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Boston Marathon cancelled for 2020

Originally postponed to September 14, 2020, the B.A.A. has now cancelled this year's event

Photo by: Canadian Running

Boston Mayor Martin Walsh announced Thursday afternoon that for the first time ever, the Boston Marathon has officially been cancelled. The race was originally scheduled for April 20, but in March, organizers postponed the event until September 14 with the hope that this would be enough time for the COVID-19 pandemic to pass. The Boston Athletic Association (B.A.A.) has said there will be a virtual event in lieu of the race, and it will be open to runners registered for the 2020 Boston Marathon between September 7 and 14.

Cancellation and virtual run

Participants who were registered for the 124th running of the Boston Marathon will receive full refunds of their entry fees, but racers will not necessarily retain their spot in the 2021 event. In a B.A.A. press release, it says the “qualifying window and registration dates for the 2021 Boston Marathon will be announced and posted in the coming weeks,” and although runners who qualified for the 2020 event won’t have to run another qualifying time, it doesn’t sound like their spot on the start list is guaranteed for next year.

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As for the virtual event, it’s open to all registered runners for 2020, Tom Grilk, CEO of the B.A.A., said in the release. “Our top priority continues to be safeguarding the health of the community, as well as our staff, participants, volunteers, spectators, and supporters. While we cannot bring the world to Boston in September, we plan to bring Boston to the world for an historic 124th Boston Marathon.” Runners will have six hours to run the virtual 42.2K, and all finishers will receive an official Boston Marathon program, participant t-shirt, medal and bib.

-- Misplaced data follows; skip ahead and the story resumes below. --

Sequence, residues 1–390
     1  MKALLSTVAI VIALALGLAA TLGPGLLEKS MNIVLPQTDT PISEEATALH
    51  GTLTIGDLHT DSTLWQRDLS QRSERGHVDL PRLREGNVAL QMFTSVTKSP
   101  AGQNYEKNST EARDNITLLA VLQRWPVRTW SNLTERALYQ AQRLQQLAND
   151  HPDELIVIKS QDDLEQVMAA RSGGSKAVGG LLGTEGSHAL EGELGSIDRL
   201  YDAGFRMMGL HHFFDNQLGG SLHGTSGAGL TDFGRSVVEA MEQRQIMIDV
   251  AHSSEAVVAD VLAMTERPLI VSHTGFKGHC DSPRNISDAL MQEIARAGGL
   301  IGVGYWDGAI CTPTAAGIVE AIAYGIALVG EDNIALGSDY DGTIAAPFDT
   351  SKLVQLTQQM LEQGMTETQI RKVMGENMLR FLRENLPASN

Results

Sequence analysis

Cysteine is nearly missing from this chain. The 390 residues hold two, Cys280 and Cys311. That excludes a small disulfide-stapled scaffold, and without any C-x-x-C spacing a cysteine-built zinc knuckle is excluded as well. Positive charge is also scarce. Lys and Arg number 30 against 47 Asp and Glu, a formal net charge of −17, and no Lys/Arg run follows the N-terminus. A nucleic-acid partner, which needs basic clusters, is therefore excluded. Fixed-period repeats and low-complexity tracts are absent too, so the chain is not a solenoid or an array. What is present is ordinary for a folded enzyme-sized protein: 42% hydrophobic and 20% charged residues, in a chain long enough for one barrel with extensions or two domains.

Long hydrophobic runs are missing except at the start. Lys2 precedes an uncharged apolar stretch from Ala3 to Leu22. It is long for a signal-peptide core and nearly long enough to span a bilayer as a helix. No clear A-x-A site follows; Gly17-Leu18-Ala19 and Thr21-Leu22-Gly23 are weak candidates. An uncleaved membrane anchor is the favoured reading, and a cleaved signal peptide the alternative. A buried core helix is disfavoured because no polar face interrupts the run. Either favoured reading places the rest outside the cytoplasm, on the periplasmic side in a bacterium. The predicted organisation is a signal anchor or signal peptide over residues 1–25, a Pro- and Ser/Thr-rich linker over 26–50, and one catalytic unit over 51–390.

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Other World Marathon Majors

This cancellation seemed inevitable, it was just a matter of when the call would be made. If the event had gone ahead as planned, it likely would have been a shell of the former event with very few runners being able to travel to the U.S. internationally. The next question pertains to the other World Marathon Majors. Restrictions in Germany have forced the Berlin Marathon (originally scheduled for September 27) to postpone to a date after October 24 or cancel altogether. The London and Chicago marathons are set for October 4 and 11, and the New York City Marathon is scheduled for November 1. With a decision made on Boston, a domino effect of World Majors cancellations could be on its way.